Create a contemporary display using disease-resistant roses, such as ‘Winchester Cathedral’, and pretty perennials for a modern mix of flowers and foliage. This classic white design is easy to plant and maintain; just follow the steps here for the rose, and on pages 30–31 for the other plants.
When to plant: Autumn or early spring.
At their best: Early to midsummer.
Time to complete: 3 hours.
You will need: Spade, heavy-duty gloves, bamboo stake, well-rotted organic matter, all-purpose granular fertilizer, mycorrhizal fungi.
Selection of plants to use: Veronica spicata alba, Rosa Winchester Cathedral (‘Auscat’), white violas, Trifolium repens – ‘Purpurascens Quadrifolium’, hardy white geranium, alchemilla mollis, actaea simplex ‘Brunette’.
Prepare to plant
Dig a bucketful of organic matter into the planting area, and mix it evenly with the soil. Then dig a hole a little deeper and twice as wide as the pot that contains the rose.
Check planting depth
Place the rose in its container into the hole and, using a bamboo stake, check that the graft union (the swelling at the base of the stems) will be below the soil surface when the rose is planted. Remove the rose and apply some general-purpose fertilizer to the base of the hole.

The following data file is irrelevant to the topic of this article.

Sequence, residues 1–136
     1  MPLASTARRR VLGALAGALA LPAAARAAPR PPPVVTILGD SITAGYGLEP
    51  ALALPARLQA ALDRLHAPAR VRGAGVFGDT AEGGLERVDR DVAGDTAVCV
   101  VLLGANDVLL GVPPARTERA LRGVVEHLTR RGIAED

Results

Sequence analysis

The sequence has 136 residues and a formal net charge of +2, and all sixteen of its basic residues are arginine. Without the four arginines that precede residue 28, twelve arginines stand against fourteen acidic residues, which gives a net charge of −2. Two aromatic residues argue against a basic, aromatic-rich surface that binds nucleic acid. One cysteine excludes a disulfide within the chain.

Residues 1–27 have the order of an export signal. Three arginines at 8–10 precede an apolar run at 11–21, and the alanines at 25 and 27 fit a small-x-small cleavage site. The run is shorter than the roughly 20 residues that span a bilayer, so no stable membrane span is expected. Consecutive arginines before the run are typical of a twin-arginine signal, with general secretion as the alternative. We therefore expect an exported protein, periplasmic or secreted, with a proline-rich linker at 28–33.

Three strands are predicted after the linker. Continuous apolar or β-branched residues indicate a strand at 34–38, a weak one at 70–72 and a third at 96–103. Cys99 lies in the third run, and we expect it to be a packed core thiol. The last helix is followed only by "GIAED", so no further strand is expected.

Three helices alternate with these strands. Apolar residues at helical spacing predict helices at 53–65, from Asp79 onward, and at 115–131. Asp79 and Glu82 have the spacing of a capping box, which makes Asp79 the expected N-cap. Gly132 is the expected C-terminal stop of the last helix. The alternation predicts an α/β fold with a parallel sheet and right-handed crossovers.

Apply mycorrhizal fungi
Water the rose and leave to drain. Apply mycorrhizal fungi to the base of the hole, following the directions on the package. The roots must come into contact with the fungi granules after planting as these help the rose’s root system to establish. Wearing gloves, tip the rose from its container and plant in the hole.
Firm in soil
Backfill around the root ball with excavated soil. Firm the soil to remove air pockets with your hands. Water the rose well, then apply a 2 in (5 cm) layer of well-rotted organic matter, making sure that it does not touch the stems. Water the rose regularly during its first year, and apply a rose fertilizer each spring.